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A jazz festival still worthy of the name

Playboy keeps the faith with a kaleidoscopic array of talent.

June 09, 2005|Don Heckman

No one ever said it was easy to program a jazz festival. But it used to be a lot less complicated than it is now. In the 1950s and '60s, putting together an event like this weekend's Playboy Jazz Festival meant picking from a pool of talent that included Ella Fitzgerald, Duke Ellington, Miles Davis, Dizzy Gillespie, John Coltrane, Count Basie, Sarah Vaughan and Charles Mingus.

Today there are far fewer big names who reach a similar level of excellence. But there's another way to look at jazz today: as a time of opportunity rather than absence, a time in which the tent has been opened to more possibilities.

This year's Playboy festival reflects that view with a two-day program of music typifying the Southland's embrace of jazz in its far-reaching manifestations. Producer Darlene Chan has started by structuring her schedule upon a solid mainstream jazz foundation. Saturday's bill includes a tribute to the Thad Jones/Mel Lewis Jazz Orchestra featuring Dee Dee Bridgewater and Jon Faddis, as well the Joey DeFrancesco/Kenny Burrell Quartet in a tribute to organist Jimmy Smith. Beyond that base, the jazz view widens via the gifted saxophonist Joshua Redman with his adventurous Elastic Band, and the crisp crossover stylings of the Ramsey Lewis Trio and drummer Stix Hooper's band, Viewpoint.

On Sunday, straight-ahead jazz is equally prominent. The Saxophone Summit features three of the instrument's most prominent practitioners -- Joe Lovano, Dave Liebman and Redman. Other variations within the mainstream arena will be offered by the Heath Brothers (without the bass playing of brother Percy Heath, who died in April), Chico Hamilton's Euphoria, the vibes of Roy Ayers and Gordon Goodwin's dynamic Big Phat Band.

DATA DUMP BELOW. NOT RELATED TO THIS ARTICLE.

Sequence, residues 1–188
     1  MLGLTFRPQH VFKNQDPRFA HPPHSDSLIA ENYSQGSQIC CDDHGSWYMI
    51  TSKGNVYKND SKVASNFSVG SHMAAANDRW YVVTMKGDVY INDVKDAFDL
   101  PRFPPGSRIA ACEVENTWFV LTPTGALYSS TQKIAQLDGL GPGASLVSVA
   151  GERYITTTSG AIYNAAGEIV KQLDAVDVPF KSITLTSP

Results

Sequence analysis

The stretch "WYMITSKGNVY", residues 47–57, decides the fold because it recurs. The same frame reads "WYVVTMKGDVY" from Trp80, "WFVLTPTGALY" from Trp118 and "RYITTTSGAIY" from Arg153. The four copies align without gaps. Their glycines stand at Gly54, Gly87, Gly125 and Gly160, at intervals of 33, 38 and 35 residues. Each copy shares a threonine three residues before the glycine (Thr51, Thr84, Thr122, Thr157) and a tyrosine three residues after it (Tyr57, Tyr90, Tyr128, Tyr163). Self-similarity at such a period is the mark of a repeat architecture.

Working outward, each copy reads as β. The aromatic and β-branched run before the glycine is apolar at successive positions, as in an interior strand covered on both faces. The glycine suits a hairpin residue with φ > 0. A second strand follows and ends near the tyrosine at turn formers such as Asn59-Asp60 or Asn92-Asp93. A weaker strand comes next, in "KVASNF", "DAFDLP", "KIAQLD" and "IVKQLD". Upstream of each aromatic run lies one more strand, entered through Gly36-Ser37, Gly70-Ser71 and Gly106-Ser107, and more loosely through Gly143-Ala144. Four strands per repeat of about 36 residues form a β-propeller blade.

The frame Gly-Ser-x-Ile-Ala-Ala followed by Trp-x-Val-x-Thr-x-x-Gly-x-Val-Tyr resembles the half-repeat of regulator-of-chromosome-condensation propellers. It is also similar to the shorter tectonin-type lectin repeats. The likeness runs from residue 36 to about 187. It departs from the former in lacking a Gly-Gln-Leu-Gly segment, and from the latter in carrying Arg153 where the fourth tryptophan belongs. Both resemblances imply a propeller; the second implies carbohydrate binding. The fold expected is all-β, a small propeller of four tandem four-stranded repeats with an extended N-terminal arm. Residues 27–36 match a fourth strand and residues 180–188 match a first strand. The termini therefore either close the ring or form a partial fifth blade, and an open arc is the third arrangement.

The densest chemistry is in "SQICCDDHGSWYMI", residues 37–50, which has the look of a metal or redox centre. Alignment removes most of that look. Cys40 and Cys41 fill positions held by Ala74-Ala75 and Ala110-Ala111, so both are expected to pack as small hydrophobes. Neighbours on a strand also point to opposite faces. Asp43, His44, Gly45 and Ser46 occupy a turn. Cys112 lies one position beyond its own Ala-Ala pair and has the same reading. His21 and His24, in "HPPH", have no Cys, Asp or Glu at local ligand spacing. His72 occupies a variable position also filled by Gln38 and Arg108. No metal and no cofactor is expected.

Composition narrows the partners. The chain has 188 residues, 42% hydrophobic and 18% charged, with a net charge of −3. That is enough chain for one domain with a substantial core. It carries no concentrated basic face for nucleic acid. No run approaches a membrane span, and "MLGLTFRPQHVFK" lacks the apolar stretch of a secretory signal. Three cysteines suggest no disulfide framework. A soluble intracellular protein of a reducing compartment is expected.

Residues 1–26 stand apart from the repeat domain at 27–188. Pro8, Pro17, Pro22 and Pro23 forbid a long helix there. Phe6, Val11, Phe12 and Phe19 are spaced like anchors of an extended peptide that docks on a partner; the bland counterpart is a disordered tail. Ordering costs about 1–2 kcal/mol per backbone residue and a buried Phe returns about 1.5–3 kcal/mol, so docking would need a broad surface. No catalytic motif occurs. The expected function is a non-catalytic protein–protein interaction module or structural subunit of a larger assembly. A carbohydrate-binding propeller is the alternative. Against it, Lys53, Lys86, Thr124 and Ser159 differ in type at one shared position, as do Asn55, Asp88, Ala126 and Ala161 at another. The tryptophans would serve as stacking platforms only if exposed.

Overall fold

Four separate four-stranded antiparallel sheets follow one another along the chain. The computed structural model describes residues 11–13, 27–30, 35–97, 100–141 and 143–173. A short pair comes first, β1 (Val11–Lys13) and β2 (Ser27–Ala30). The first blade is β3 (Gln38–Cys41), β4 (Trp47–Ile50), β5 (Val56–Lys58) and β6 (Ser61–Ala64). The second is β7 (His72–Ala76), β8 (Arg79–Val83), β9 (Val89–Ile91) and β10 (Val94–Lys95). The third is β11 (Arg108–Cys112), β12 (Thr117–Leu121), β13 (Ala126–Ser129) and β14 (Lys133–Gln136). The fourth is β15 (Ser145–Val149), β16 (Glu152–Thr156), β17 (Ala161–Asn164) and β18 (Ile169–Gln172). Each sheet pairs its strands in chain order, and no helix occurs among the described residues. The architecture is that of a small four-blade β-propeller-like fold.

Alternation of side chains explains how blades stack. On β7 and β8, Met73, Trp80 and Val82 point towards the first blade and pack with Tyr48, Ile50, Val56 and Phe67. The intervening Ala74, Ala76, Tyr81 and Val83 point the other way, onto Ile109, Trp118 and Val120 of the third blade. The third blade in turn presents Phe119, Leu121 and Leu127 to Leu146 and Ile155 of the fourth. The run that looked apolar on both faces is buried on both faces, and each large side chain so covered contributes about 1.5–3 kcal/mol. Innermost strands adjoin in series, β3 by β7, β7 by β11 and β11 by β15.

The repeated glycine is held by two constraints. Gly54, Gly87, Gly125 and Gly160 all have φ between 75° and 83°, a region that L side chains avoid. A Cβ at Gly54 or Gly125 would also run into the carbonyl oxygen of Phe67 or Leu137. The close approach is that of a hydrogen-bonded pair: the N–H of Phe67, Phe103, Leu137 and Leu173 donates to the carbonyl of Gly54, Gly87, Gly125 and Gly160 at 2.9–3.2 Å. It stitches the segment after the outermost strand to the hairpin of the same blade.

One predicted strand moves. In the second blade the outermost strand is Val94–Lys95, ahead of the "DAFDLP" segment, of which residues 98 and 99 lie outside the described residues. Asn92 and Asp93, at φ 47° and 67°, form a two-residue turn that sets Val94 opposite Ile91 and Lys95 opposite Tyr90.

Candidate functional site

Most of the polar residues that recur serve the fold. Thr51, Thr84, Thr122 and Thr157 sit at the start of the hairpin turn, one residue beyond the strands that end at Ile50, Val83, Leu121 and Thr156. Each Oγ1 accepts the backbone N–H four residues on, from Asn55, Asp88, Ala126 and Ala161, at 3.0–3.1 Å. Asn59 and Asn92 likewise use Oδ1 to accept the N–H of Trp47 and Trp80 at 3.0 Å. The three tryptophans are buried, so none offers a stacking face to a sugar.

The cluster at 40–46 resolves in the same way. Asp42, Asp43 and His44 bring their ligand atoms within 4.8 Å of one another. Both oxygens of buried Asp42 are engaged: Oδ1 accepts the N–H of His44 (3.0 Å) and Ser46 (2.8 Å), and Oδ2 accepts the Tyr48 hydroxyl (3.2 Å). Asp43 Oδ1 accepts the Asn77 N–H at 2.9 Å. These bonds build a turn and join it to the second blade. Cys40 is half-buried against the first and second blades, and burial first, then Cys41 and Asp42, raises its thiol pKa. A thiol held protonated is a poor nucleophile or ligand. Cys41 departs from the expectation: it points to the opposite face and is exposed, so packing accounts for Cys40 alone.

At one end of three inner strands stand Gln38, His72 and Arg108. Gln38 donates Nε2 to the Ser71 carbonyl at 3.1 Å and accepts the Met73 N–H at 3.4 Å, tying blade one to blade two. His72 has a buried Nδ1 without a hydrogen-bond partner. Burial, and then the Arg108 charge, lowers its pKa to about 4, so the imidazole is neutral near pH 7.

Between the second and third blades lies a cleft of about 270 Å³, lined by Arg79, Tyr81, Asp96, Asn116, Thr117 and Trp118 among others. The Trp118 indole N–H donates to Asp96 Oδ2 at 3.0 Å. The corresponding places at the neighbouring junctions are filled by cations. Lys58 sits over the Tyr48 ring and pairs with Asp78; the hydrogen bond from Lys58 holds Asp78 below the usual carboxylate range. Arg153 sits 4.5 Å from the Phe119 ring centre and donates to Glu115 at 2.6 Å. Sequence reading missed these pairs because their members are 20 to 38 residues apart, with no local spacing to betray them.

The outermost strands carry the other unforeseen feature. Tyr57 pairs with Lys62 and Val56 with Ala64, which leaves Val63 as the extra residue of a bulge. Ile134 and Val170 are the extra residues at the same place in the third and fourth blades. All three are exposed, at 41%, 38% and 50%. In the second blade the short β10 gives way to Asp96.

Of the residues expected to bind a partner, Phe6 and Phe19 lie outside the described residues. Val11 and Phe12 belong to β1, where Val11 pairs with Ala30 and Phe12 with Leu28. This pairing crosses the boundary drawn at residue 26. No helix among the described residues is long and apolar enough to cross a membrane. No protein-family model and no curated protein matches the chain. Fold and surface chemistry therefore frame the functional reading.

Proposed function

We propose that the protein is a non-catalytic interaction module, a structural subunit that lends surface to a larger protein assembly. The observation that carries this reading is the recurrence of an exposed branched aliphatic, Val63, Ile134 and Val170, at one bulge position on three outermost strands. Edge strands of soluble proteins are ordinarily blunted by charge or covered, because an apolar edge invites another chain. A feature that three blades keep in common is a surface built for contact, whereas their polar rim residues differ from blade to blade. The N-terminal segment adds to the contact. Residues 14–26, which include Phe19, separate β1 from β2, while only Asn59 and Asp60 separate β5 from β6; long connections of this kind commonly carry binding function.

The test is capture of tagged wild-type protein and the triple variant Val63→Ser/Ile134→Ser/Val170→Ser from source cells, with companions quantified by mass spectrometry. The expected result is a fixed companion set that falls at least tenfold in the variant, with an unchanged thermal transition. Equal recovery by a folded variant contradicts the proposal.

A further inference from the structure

The blues have been intrinsic to jazz since the beginning, and they are present at the festival in two forms. Saturday features the storytelling delights and colorful acoustic guitar of Keb' Mo'. Sunday showcases the New Orleans jive, blues and boogie of Dr. John.

The festival programming expands further with a pair of Latin jazz artists. The bassist/bandleader Israel "Cachao" Lopez, one of the legendary figures of Cuban music, performs with his orchestra on Saturday. And on Sunday, Puerto Rican singer Gilberto Santa Rosa makes his Playboy festival debut.

Pop and smooth jazz artists add melodic spice to the festival via the appearances of Boney James and Norman Brown's Summer Storm (with Peabo Bryson, Brenda Russell and Everette Harp) on Saturday and young singer Ledisi and George Benson on Sunday.

Topping off the weekend's kaleidoscopic diversity, the Jazz Tap Ensemble and Caravan Project recall the linkage between jazz and tap dancing on Saturday. And the 40-plus members of daKAH Hip Hop Orchestra arrive on Sunday with their blend of classical, jazz, world and hip-hop music, dance and rap.

Give credit to the Playboy organization and the festival producers for resisting the temptation to change the title -- as so many festivals have done -- from a "jazz festival" to the more neutral "music festival." By doing so, they have sustained the historical openness of jazz, honoring the music's capacity to expand, grow and evolve.


-- Don Heckman

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